Trigger Happy is a book about the aesthetics of videogames — what they share with cinema, the history of painting, or literature; and what makes them different, in terms of form, psychology and semiotics.
Semiotics? Now there's a term to dissuade most readers! The subject itself is aimed at not just a specific audience -- those exposed to videogames who also want to read about them -- but those who also want to think about videogames in an intellectual manner. So it's actually a sub-population (intellectual videogamers) of an already-small population (videogamers who want to read about videogames).
I downloaded the book. I looked at the first few pages. It's not a subject I'm interested in. Am I obligated to leave a tip now? Why should I be? If I'd come across the text in a paper edition at a bookstore and did even more browsing I wouldn't be expected to cough up a "browsing fee." No one should feel obligated until they've read it.
Poole then goes off on the freetards. That's a side issue entirely. (Especially since he never says his free book announcement got Slashdotted.)
He then returns on point with this:
A reasonable outcome, perhaps, would be something like an iTunes for books, where people choose to buy (DRM-free or at least DRM-lite) copies because it’s still easier for most folk than hunting down a torrent. That way writers would still see some kind of modest revenue from their efforts. Otherwise, if people can’t earn money from writing books, then books will only be written by the rich, and by people in their spare time.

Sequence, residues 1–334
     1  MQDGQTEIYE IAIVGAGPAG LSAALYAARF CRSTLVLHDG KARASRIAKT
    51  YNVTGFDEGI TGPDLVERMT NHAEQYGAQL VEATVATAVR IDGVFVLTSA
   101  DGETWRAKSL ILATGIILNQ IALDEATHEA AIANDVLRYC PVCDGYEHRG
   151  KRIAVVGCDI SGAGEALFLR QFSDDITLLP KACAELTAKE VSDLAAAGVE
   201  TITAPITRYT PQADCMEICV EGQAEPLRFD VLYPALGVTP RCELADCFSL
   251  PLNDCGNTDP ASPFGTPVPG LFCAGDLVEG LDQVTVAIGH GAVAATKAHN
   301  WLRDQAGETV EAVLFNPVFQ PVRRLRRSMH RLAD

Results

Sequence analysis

But even that ignores reality.
Among what's available for pay on the iTunes Store today are many free things too. Does he think that also won't be the case with texts? You can bet there will be writers and publishers who offer at least one book free to:
1) Create an audience for a new writer
2) Shift an existing audience to the iTunes Store
Will Poole then bewail that his sales are shit because there's too much free stuff competing against his? Even though the free stuff will mostly be outside his book's subject area?
Earlier this week I went off after writer Richard Herley. Poole seems to make the same assumptions that Herley did. I see this over and over again from writers.
Listen, what the hell do writers think publishers do aside from packaging their text in a pretty container? They try to get book club sales, they try get library sales, they try to get academic sales, they try to get bulk premium sales, they try to reach the intended audience of the book -- this last point is especially true if the book, like Poole's, is a special-interest subject. (Which, don't kid yourselves, Poole's book is. The jillions of game consoles out there don't mean squat. Out of the billions of cars that have been sold, how many drivers have ever read about about the history or the social impact of the automobile?) Publishers sometimes actually do marketing work. Why do writers think they're exempt from that effort?
What I'm seeing over and over again from writers who say the Internet is nothing but thievery or a bad place to put books is an ignorance of marketing, an ignorance of response rates, an ignorance of the audience they claim to want to reach!
I'll repeat what I said earlier:
What did you do other than the equivalent of dumping a bunch of books on a street corner with a handscrawled sign declaring, “Please take and pay if you read it and like it”?
Writers: Show me the marketing work before you sit there and cry like a frikkin baby!